The pass protection was spotty at best, and the entire operation needs to be cleaner. But, these guys got the job done when it counted Sunday.

Grade: B-minus

Rushing defense

After a terrible first drive, the Raiders did a solid job corralling star Cardinals running back David Johnson. All it takes, however, is one bad play to ruin a day. That came on a 55-yard run by Johnson that set up a go-ahead score with five minutes left.

In all, the Raiders allowed 154 yards on 31 carries, which will get you beat in most scenarios. Just not Sunday. 

Grade: D

Pass defense

The Raiders secondary delivered on Sunday with interceptions from defensive backs Gareon Conley and Karl Joseph. Both takeaways created great field position and resulted in Raiders touchdowns.

Cardinals rookie quarterback Josh Rosen was awful, and completed only 9-of-20 passes for 136 yards thanks to errant throws and some solid coverage from the Raiders secondary.

Grade: A-minus

Special teams

Daniel Carlson nailed the first game-winning field goal of his career as time expired. That’s all you need to get an ‘A.’

The rookie from Auburn is coming on strong the past few weeks. He could be a long-term answer at kicker if he keeps this up.

Grade: A


A cynic would say the Raiders blew it by winning, hurting their draft position in an already lost season. That’s not how the players and coaches think. They wanted to win and were able to.

It might not happen much the rest of the year, so they have to bask in this victory.

Grade: A

Inside Raiders' final drive to complete comeback win over Cardinals

Inside Raiders' final drive to complete comeback win over Cardinals

GLENDALE, Ariz. -- The Arizona Cardinals took a fourth-quarter lead with roughly five minutes left Sunday. Then they couldn’t do anything else offensively.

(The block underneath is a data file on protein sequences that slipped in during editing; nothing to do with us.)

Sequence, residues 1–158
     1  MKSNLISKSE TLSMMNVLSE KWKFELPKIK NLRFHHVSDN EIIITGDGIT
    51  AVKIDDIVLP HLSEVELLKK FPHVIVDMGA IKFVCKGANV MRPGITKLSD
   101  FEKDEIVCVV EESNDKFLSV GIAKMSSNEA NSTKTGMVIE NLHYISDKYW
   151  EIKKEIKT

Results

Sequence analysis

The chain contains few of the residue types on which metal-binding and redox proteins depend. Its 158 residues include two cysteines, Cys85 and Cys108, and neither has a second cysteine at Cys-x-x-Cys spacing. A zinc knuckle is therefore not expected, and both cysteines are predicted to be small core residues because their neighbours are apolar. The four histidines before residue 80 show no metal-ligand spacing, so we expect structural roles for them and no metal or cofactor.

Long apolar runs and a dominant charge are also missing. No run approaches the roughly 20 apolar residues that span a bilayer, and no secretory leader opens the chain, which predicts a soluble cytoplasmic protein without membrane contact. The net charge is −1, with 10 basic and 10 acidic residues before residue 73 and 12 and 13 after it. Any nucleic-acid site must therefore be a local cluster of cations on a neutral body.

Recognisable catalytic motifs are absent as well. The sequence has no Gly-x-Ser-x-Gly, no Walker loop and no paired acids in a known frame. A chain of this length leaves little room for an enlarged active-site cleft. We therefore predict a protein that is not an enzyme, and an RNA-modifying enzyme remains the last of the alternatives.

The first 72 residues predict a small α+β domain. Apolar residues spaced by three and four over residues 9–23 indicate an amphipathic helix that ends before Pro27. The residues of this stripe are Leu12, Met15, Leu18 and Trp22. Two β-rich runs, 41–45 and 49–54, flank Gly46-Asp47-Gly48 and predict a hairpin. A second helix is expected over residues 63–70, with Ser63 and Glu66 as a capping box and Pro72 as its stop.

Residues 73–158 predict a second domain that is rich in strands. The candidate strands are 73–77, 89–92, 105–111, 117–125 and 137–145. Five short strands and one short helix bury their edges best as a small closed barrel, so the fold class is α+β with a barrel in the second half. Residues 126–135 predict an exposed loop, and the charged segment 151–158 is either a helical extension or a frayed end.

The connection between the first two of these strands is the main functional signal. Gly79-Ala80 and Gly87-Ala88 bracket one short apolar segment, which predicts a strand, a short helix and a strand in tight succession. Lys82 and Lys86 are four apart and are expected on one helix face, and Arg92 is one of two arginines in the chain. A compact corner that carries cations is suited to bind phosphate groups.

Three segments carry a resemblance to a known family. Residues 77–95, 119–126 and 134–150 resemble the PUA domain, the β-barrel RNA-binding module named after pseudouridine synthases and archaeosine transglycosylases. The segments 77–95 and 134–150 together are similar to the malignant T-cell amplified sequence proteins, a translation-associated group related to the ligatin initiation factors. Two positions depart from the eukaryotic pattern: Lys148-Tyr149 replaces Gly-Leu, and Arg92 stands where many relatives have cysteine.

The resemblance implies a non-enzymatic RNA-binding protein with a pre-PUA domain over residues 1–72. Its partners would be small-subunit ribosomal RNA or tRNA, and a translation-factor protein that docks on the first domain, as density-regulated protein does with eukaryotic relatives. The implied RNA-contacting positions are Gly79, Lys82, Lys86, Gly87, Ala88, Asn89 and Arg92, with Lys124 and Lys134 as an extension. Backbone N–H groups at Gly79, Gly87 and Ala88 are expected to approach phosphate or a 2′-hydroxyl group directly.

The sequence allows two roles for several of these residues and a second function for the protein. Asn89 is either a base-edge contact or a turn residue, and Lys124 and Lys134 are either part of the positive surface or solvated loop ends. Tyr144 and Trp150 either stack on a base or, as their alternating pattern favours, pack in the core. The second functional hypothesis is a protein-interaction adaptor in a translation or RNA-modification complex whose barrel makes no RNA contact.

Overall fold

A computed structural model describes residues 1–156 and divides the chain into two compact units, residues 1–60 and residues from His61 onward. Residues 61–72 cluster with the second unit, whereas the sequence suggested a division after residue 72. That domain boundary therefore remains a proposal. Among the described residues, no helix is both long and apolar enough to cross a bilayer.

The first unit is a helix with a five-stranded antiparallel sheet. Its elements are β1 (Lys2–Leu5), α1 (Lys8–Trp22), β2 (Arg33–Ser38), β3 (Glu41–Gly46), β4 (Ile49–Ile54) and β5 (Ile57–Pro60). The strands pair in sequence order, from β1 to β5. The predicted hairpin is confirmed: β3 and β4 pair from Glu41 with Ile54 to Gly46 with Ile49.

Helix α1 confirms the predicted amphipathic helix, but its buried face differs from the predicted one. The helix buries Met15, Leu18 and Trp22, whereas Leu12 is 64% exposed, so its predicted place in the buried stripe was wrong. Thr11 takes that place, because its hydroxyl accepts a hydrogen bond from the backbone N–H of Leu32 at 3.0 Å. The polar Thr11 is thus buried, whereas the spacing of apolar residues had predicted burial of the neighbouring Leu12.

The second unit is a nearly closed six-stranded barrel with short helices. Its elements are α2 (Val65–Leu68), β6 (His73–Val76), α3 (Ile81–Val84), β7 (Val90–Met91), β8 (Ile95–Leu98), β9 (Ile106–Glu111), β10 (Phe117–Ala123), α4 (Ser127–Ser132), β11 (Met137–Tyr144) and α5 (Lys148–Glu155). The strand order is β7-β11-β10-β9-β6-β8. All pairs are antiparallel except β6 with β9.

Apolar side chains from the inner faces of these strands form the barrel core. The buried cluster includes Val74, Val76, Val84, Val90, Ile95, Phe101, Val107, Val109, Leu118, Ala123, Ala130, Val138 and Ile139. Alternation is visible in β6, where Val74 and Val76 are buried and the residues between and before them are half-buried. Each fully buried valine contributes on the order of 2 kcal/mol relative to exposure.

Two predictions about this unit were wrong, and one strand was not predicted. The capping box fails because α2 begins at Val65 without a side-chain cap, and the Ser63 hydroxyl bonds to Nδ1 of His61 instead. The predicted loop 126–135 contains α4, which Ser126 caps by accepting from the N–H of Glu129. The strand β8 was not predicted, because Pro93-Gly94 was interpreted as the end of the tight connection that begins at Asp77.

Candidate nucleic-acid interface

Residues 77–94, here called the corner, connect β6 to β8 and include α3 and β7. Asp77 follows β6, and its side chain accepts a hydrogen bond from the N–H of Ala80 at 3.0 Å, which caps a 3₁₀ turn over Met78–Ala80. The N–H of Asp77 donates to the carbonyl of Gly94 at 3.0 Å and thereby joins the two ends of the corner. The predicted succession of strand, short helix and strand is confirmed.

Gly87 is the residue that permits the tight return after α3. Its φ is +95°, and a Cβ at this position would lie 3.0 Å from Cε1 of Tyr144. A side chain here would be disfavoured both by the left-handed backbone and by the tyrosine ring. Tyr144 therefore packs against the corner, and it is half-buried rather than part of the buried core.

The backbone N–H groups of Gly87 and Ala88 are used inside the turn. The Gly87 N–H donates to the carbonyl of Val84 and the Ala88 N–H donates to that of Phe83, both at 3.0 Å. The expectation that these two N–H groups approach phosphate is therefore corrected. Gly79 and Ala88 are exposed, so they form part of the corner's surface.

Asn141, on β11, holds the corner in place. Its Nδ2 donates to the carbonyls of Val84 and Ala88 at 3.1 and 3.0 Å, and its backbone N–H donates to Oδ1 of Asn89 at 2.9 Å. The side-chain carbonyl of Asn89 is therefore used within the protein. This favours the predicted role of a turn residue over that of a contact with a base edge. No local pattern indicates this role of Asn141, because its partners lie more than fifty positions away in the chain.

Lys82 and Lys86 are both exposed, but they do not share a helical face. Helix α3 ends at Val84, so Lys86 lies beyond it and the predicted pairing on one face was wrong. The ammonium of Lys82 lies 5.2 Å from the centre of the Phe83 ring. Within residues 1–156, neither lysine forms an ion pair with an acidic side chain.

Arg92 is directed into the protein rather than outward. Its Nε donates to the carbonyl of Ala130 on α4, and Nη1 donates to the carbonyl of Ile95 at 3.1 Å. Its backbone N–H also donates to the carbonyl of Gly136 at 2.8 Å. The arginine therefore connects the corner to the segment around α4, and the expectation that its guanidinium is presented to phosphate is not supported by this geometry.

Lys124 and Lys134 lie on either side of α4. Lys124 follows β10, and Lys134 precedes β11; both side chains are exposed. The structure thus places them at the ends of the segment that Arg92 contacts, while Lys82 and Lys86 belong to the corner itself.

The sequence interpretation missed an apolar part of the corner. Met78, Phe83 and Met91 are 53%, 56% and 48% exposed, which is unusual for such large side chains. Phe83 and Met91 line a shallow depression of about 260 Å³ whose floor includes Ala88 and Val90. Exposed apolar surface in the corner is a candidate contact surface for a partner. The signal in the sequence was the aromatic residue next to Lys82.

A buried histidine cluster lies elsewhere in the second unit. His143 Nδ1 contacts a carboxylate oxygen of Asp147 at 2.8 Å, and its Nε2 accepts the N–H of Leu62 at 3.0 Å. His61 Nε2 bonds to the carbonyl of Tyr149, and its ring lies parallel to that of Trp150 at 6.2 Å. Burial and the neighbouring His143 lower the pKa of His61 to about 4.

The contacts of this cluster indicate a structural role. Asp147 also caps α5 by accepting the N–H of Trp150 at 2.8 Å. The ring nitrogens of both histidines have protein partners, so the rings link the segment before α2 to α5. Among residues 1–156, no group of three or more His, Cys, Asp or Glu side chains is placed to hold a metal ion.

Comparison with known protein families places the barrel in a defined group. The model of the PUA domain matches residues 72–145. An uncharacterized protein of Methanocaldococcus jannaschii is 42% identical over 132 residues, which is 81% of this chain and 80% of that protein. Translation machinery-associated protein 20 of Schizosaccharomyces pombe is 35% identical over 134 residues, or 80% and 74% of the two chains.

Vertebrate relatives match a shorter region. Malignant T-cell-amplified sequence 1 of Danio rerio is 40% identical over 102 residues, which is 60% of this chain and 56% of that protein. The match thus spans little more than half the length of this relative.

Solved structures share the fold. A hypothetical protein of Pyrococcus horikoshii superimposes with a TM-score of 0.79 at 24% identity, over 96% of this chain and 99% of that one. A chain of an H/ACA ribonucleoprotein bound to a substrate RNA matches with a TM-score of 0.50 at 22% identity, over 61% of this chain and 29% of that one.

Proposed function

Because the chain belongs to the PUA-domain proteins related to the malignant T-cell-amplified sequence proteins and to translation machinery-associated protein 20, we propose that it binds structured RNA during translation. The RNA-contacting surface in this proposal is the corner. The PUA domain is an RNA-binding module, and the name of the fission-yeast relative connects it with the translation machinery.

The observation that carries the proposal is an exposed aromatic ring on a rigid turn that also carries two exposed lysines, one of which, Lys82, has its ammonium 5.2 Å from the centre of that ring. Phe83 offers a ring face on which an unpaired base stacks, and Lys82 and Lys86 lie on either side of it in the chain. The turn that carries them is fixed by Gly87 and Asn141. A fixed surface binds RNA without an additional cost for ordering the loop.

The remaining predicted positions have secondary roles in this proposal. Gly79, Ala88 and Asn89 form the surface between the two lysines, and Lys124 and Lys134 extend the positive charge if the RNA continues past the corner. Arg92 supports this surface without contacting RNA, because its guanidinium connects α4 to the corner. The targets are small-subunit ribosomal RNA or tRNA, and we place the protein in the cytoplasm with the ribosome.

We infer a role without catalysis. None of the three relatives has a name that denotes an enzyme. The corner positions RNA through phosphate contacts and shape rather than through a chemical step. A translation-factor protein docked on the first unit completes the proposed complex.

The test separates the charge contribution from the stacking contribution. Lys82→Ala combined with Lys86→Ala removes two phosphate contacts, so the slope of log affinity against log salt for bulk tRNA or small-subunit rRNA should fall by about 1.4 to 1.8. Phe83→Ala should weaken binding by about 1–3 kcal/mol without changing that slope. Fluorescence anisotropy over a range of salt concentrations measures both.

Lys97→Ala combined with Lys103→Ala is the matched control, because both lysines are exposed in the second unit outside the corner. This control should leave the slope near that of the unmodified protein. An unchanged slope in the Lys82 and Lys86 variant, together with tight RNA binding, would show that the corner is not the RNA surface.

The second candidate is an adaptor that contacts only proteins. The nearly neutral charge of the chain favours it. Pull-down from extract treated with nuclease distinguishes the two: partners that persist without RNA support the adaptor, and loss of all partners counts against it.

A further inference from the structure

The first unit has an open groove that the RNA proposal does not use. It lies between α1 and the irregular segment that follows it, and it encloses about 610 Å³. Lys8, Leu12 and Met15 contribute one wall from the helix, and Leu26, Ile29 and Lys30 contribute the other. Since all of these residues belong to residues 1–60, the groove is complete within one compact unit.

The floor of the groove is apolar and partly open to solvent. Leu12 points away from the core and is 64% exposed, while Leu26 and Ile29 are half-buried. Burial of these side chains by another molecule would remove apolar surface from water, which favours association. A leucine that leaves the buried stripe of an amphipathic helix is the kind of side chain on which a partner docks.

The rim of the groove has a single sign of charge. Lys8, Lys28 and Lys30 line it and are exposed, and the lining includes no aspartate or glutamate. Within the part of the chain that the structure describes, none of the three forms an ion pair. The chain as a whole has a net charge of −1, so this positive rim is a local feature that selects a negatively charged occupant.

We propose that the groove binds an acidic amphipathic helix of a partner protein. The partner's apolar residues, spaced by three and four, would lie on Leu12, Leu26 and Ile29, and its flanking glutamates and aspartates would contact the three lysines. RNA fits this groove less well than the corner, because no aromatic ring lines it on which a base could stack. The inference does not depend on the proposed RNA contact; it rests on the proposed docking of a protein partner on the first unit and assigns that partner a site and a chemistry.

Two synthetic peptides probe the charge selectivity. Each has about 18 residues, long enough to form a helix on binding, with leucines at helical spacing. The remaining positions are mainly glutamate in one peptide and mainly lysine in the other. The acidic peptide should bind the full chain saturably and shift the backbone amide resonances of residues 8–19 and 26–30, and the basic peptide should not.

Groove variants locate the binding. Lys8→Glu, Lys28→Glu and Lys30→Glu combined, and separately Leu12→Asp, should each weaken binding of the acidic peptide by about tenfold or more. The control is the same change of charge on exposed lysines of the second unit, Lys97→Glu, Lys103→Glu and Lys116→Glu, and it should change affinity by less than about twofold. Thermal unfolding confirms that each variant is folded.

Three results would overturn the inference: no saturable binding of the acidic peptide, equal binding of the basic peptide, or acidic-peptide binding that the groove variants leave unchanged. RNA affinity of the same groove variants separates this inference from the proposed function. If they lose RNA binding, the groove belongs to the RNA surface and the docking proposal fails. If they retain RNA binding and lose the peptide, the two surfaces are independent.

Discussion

That gave the Raiders three cracks at a comeback. The first two attempts went nowhere, as a bad, ailing offense continued to sputter in crunch time.

No matter. The offense took the field considering the third time a charm.

Quarterback Derek Carr tried to ease tension before that must-win series, telling center Rodney Hudson to “protect it up. We’re just going to go play catch outside.”

The Raiders played pitch and catch well into field-goal range. where Daniel Carlson secured a 23-21 victory at State Farm Stadium with a 35-yard kick at the gun.

That's what they expected before the final drive started. Despite failing to consistently perform under pressure, the Raiders believed they would get the job done.

“We believed the outcome was never in doubt,” Carr said after his 15th career fourth-quarter comeback. “There have been times where we believed but didn’t win. … Everyone had that look in their eye, though it was a little different because, ‘Hey, this is probably our last chance.’ ”

Carr made it worthwhile.

He completed two short passes to get a first down, then spiked the ball to stop the clock. Carr saw Marcell Ateman break free down the left sideline on the next snap and, with no regard for the receiver's rookie status, sent the ball deep.

Ateman came up with a huge 32-yard catch that worked the Raiders into Cardinals territory -- in his NFL debut, no less.

“He made one heck of a catch, keeping his feet in,” Carr said. “For him to do that in his first start, his first game, with everything going against him. … He did his job, got to his landmark when I wanted him to be there, and it was all him. He made an excellent play, and got a game ball for it. It was awesome.”

[RELATED: Gruden, Carr not sweating their argument after Raiders' win]

An incompletion and a sack left Carr just 25 seconds to work with. He then correctly identified the defensive back covering Seth Roberts ready to blitz, and quickly got the ball out to his veteran receiver. Ateman and fellow rookie Saeed Blacknall blocked their cover guys well, allowing Roberts to zip 20 yards upfield.

Roberts didn’t get out of bounds, and the Raiders had zero timeouts, meaning Carr had to quickly spike the ball to set up Carlson’s field goal with two seconds left.

The rookie kicker nailed it, giving his team a much-needed win after five consecutive losses.

“It’s been a long time coming,” Carlson told reporters. “We kept chipping away, knowing eventually the rock was going to crack. It felt really good, really sweet to help make it happen.”